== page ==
The Horrible Provenance of the Kunsthaus Zürich Collection

At the end of December, the Swiss painter Miriam Cahn made headlines when she announced that she intended to withdraw her work from the Kunsthaus Zürich, the largest art museum in Switzerland. In an open letter to the Swiss Jewish newspaper Tacheles, Cahn accused the museum of historical laundering, and in an interview with Swiss Radio Television (SRF) said, “I’ve had enough! I’m Jewish and that’s why I want to remove my works from the Kunsthaus. The latest chapter in what looks set to become Switzerland’s biggest museological scandal to date, Cahn’s protest is directed against the Kuntshaus’ revisionist management of industrialist Emil Bührle’s art collection, a German émigré in Switzerland who is known for selling weapons to the Nazis, for acquiring art stolen from Jewish owners, and whose business profited from the forced labor of female concentration camp prisoners in Nazi Germany.

Kunsthaus Zurich, Bührle Collection, 2021. Courtesy and photography: Franca Candrian, Kunsthaus Zürich

The controversy first erupted in 2019, when the Kuntshaus and the Zurich city government negotiated the long-term loan (for the next 20 years) of around 200 works from the EG Bührle Collection Foundation, including works paintings by Paul Cézanne, Vincent van Gogh, Claude Monet, Pierre-Auguste Renoir and Pablo Picasso. Fueled by the pragmatic logic of civic marketing, the hope was that these impressive loans would help catapult the Kunsthaus Zurich into the elite of international art museums. Having accepted Bührle’s works, the Kunsthaus downplayed its close ties to the Nazis. Before the opening in October 2021 of the Kunsthaus’s £175million extension – a building designed by architect David Chipperfield which now houses Bührle’s work – the mthe director of the useum, Christoph Becker, said in an interview with the Swiss newspaper NZZ that a collection could “not be used as a vehicle to depict historical facts”. In the same spirit, Lukas Gloor, former director of the Bührle Foundation, noted in an interview with Blick in November 2021 that it was not acceptable for “the collection to be turned into a memorial to Nazi persecution”, adding “it does not do the images justice”. However, the more officials try to downplay the obvious reality that the work in Bührle’s collection is tainted, the clearer it becomes that this issue remains a huge and very deliberate blind spot for the Kunsthaus Zürich.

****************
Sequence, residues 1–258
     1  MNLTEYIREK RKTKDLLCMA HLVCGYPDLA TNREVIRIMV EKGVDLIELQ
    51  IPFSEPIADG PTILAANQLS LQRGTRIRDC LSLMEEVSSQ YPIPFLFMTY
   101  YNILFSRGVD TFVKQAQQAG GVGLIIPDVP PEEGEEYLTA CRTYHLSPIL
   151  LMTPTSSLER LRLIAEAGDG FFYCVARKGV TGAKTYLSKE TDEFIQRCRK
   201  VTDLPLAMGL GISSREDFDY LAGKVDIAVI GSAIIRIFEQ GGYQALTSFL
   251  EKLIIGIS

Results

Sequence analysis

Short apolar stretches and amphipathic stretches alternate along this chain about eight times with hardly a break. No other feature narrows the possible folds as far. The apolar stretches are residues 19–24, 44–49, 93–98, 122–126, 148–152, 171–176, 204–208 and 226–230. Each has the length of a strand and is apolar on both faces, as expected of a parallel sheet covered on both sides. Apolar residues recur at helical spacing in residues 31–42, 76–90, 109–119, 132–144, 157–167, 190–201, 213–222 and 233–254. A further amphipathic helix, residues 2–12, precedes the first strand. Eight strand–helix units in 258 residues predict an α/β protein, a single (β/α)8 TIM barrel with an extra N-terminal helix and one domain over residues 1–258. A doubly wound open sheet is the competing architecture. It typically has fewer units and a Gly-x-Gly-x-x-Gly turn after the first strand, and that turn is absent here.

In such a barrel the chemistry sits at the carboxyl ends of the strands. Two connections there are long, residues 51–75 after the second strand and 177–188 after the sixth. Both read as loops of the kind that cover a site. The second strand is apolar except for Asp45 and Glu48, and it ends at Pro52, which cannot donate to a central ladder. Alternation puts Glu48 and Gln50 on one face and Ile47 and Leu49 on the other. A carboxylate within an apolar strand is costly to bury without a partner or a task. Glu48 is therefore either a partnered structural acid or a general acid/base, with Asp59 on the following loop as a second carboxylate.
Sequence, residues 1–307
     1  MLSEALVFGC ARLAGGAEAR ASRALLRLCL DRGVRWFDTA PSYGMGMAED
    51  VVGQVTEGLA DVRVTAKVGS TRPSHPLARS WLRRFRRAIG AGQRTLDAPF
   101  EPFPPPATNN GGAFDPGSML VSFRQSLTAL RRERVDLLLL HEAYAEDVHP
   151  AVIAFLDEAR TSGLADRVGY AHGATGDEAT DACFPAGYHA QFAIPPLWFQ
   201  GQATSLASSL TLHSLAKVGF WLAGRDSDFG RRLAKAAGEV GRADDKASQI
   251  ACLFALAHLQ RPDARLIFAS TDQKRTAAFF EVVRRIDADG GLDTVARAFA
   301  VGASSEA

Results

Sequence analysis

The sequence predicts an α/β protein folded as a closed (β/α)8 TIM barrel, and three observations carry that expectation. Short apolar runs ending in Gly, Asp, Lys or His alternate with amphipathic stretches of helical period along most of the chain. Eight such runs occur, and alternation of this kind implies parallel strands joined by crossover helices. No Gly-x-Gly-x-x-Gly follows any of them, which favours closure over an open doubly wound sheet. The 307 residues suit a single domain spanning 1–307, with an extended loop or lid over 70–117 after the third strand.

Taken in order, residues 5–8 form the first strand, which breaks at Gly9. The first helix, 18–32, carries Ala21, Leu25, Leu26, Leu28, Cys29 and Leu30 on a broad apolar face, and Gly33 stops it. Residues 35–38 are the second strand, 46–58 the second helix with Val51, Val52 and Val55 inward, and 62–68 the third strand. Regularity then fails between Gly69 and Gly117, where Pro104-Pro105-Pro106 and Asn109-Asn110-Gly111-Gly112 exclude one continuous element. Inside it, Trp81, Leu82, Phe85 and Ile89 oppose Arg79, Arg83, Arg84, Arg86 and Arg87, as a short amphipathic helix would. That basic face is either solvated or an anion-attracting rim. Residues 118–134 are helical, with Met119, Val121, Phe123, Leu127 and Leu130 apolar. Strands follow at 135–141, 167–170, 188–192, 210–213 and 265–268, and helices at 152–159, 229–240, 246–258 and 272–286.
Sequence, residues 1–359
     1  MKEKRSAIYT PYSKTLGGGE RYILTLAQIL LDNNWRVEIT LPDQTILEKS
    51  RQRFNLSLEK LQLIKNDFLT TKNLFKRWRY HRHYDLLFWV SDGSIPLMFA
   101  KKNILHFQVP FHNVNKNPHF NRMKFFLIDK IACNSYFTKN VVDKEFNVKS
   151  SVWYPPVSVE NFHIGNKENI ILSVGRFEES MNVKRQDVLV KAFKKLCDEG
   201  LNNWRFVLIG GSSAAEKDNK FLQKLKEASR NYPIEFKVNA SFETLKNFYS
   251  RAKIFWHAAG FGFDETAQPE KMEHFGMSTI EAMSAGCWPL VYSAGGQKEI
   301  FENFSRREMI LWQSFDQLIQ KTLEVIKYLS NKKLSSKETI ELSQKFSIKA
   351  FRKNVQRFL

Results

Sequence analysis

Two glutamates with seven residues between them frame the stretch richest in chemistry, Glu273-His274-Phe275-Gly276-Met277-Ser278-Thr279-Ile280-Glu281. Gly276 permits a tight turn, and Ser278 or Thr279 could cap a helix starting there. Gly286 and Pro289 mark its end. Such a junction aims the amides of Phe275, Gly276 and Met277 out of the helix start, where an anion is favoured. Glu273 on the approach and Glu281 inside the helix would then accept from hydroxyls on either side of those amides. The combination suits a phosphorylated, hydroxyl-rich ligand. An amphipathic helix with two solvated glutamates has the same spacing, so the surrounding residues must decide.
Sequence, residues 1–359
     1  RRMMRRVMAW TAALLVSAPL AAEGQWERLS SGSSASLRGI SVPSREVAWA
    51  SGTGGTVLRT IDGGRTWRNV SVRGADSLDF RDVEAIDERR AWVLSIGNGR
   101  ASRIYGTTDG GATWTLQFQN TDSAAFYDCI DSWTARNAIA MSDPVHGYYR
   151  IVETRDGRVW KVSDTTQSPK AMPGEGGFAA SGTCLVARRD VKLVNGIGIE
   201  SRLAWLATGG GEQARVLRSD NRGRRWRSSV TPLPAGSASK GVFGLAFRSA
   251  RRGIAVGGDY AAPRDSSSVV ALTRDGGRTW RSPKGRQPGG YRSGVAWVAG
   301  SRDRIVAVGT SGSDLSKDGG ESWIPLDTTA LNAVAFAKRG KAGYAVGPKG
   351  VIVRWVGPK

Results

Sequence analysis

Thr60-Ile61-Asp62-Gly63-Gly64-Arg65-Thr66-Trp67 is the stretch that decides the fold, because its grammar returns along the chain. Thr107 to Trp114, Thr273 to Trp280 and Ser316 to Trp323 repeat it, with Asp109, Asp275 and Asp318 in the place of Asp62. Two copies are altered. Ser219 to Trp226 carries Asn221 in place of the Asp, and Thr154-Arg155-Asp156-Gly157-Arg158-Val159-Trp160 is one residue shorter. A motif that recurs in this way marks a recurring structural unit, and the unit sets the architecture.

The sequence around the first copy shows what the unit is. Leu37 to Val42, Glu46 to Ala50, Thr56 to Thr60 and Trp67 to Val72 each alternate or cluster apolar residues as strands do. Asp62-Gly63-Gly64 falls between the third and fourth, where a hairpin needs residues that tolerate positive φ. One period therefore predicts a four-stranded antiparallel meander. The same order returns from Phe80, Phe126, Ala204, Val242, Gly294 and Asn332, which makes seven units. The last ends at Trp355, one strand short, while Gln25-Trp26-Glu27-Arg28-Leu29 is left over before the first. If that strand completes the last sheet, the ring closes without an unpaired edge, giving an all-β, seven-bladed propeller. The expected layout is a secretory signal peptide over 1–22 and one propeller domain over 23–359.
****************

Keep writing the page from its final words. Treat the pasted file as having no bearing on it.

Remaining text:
Christoph Becker, director Kunsthaus Zürich, 2021. Courtesy and photography: Franca Candrian, Kunsthaus Zürich

Before moving to Switzerland in 1924, Bührle was a member of the right-wing paramilitary group Freikorps, and personally involved in the bloody suppression of the November anti-monarchist revolution that was sparked by Germany’s military defeat in World War I. It was Switzerland’s official (yet actually ambiguous) neutrality that was key to Bührle’s commercial success during World War II. – sometimes he was even the richest man in the country. In 1943, the BBC called Bührle’s manufacturing plant in Zürich “Germany’s largest non-bomb arms factory”. His fortune during the war was augmented by profiting from Nazi forced labor: Bührle received royalties from a German company for the production of weapons at a factory in Velten, north of Berlin – a place where female prisoners of the Ravensbrück concentration camp worked as slaves. under SS guard.

Bührle began collecting works of art in 1936, and over the next two decades invested a total of 40 million Swiss francs, acquiring around 600 works. When the aggressive and systematic looting of Jewish-owned collections in occupied France began in the summer of 1940 and many stolen works of art were dumped on the European market, Bührle was among those who profited. “Bührle made his first 16 purchases on the Parisian art market during the occupation, when Jewish gallery owners and collectors had works confiscated,” confirms a 2020 report from the University of Zürich. “Of the 93 works of art he purchased between 1941 and 1945, 13 were classified as looted works of art after the war.” After a number of restitution proceedings, Bührle was forced to return the 13 stolen paintings to their rightful owners in the late 1940s, but he later bought back nine, thus legalizing his questionable possessions.